(Photo by John McDonnell/The Washington Post)

Two days after Bryce Harper’s head collided with an infielder’s shin, the Nationals continued to monitor him for concussion-like symptoms. Though Harper felt fine Tuesday and told Nationals officials Wednesday he felt no dizziness or nausea, Nationals trainers watched Harper during batting practice and conducted tests following the workout to ensure he could play Wednesday against the Mets.

“Sometimes, concussion-like symptoms manifest themselves 24 to 48 hours after the fact,” Manager Matt Williams said. “So we just have to keep monitoring that and make sure that he feels good before he goes back out there.”

About 15 minutes before first pitch, Harper jogged from the dugout to center field and signaled that he had passed whatever battery of tests the Nationals gave him.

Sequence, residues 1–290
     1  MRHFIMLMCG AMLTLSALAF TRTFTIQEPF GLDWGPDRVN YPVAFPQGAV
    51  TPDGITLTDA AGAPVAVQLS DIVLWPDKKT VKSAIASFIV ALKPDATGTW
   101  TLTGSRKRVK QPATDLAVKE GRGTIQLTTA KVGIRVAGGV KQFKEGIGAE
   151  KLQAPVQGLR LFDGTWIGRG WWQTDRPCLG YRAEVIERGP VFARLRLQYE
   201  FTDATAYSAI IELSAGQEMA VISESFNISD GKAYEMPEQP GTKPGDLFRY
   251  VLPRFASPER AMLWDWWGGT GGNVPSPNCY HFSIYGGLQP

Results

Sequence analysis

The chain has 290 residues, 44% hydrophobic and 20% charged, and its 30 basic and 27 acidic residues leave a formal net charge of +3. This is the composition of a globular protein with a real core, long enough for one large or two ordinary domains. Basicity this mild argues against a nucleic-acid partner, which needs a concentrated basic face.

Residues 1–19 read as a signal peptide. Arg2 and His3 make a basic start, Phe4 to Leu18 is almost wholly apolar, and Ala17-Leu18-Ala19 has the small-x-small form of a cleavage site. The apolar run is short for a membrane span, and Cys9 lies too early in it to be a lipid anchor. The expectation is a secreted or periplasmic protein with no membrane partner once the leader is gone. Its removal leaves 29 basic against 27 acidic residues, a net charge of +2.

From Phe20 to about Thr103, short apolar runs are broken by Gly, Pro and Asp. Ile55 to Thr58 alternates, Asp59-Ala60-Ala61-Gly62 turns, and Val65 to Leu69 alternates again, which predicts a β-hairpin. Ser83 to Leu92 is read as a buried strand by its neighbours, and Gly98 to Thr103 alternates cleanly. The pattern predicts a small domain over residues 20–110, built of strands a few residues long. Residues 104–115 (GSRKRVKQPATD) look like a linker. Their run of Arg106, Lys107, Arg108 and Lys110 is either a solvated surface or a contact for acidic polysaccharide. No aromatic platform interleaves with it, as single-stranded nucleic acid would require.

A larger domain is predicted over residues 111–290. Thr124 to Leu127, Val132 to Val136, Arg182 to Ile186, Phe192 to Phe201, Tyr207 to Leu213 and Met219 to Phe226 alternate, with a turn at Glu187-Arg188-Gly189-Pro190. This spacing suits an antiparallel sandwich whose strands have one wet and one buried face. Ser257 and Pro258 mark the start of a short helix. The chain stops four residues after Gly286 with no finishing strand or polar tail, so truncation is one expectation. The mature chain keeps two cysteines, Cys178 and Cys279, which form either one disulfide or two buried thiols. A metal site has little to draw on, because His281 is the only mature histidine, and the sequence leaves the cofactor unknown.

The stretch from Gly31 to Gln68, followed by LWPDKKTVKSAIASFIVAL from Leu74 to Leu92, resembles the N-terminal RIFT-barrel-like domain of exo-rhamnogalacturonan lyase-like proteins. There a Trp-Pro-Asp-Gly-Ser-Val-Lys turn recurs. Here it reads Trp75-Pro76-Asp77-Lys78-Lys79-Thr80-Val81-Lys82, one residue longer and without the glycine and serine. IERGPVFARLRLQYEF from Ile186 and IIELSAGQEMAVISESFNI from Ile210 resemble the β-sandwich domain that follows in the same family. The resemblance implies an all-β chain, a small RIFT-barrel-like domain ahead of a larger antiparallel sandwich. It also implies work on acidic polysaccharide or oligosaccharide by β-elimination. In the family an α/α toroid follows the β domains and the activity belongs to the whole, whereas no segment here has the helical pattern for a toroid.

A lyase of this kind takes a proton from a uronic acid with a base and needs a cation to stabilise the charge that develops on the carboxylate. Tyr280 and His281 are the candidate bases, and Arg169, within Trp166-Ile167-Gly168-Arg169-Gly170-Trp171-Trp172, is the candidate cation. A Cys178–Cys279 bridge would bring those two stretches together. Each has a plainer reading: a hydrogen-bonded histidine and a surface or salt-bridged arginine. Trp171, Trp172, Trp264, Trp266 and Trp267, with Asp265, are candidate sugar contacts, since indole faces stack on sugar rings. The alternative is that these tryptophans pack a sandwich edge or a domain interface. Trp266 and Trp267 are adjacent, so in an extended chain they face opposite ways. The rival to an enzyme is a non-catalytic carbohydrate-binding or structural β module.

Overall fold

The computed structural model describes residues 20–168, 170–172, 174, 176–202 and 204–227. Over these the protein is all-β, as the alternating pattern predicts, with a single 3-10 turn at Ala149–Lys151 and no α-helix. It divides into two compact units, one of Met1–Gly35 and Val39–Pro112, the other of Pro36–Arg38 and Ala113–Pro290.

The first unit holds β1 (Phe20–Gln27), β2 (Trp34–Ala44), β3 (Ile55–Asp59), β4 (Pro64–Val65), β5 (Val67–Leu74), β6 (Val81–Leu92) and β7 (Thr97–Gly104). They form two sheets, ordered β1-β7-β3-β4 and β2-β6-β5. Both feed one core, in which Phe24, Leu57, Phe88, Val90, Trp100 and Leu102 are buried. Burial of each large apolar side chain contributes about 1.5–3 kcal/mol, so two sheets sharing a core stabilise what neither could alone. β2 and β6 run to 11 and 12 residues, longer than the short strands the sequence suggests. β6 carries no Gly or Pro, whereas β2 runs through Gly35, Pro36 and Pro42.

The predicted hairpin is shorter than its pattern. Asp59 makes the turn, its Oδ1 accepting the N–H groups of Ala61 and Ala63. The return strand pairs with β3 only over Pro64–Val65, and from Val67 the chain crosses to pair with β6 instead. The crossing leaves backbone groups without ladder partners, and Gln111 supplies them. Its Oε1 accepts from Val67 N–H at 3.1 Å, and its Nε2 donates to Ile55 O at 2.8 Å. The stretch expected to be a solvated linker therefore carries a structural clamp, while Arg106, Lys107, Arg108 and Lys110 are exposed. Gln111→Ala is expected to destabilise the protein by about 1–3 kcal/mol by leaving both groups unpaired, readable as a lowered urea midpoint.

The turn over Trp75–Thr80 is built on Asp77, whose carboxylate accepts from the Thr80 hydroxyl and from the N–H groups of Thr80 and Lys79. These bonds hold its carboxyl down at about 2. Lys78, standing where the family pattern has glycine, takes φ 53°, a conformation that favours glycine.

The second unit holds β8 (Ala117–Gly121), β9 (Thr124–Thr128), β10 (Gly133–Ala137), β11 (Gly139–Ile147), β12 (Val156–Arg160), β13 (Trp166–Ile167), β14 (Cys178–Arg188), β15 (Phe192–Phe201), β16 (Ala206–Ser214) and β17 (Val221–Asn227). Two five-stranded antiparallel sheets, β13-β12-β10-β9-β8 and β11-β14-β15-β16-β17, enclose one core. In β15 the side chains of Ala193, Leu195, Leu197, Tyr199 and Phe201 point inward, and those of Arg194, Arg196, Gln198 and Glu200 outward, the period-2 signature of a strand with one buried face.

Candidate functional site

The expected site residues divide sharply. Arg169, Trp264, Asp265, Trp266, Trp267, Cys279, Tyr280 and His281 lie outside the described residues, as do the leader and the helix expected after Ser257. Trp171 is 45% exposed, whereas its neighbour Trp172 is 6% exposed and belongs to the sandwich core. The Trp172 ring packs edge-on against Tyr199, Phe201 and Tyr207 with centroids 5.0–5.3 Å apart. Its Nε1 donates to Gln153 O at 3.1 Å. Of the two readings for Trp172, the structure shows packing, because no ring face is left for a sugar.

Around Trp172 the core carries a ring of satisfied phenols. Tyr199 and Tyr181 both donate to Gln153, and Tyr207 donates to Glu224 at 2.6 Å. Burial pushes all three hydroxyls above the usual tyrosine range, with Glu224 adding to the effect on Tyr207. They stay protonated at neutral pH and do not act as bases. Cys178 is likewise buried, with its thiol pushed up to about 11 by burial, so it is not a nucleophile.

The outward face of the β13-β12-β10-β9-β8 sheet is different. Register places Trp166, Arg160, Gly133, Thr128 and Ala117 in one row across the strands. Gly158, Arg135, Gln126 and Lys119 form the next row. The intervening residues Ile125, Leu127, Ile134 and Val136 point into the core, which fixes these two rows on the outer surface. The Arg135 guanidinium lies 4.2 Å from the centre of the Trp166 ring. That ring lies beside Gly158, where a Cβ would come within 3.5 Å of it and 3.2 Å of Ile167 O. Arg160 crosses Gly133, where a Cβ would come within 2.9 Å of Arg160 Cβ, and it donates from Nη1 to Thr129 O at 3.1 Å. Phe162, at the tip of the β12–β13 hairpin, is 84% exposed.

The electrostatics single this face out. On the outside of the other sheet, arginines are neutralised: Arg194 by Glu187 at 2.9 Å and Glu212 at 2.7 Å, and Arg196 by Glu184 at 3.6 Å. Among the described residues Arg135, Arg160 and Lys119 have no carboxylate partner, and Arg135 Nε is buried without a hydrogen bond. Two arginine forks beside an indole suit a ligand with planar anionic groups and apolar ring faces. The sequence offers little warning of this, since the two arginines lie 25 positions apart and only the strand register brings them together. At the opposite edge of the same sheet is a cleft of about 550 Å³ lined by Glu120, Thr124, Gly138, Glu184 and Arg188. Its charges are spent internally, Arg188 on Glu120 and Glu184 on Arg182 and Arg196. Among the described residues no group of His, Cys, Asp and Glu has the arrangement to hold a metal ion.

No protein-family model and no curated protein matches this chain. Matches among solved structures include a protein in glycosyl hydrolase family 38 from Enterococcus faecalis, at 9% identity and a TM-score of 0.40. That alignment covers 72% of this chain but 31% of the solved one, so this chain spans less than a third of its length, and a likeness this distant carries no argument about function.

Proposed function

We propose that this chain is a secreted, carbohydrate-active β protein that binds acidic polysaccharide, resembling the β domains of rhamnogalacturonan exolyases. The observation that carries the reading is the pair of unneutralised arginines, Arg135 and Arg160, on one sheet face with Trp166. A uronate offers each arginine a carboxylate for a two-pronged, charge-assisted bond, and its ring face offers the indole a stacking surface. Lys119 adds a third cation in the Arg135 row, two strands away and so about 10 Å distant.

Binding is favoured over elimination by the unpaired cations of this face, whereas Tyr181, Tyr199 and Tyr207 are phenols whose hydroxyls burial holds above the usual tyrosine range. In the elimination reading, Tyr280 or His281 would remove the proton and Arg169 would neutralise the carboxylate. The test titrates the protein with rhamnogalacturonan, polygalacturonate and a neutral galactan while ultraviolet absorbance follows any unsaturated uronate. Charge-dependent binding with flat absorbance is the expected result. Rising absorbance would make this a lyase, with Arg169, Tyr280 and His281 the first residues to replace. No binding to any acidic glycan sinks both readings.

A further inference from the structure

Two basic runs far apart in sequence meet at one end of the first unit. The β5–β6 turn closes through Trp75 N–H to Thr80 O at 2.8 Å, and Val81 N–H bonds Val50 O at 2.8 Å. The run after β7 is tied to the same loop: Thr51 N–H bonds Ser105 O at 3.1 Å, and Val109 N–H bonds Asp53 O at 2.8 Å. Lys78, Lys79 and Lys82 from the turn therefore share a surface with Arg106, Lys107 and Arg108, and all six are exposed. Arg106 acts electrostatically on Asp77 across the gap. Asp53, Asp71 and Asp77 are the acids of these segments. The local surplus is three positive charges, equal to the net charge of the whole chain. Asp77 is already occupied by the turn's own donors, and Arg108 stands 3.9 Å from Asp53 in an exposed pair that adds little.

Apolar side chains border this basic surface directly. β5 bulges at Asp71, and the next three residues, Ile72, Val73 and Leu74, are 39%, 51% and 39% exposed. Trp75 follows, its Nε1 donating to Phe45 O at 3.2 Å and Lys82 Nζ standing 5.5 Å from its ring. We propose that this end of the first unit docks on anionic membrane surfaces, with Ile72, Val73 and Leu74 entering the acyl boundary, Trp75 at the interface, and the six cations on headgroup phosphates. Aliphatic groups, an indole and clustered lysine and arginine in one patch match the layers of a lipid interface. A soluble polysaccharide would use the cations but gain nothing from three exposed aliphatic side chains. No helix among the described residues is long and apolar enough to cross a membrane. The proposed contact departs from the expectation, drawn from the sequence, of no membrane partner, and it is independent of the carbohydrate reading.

In the second inning Monday, Harper slid hard into second base to break up a double play, and his head smacked off Eric Young Jr.’s shin. Harper writhed in the dirt before walking off the field.

In the dugout, head athletic trainer Lee Kuntz administered a concussion test, and after Harper passed, he returned to the game and remained in the rest of the afternoon. Harper also underwent a second test following the game, which he also passed.

Harper complained of a “pretty bad headache” after the Nationals’ 9-7 win. He also said “I didn’t see stars, and I’ve seen stars before.” Harper did not stop to chat today on his way off the field, but earlier he said he felt fine.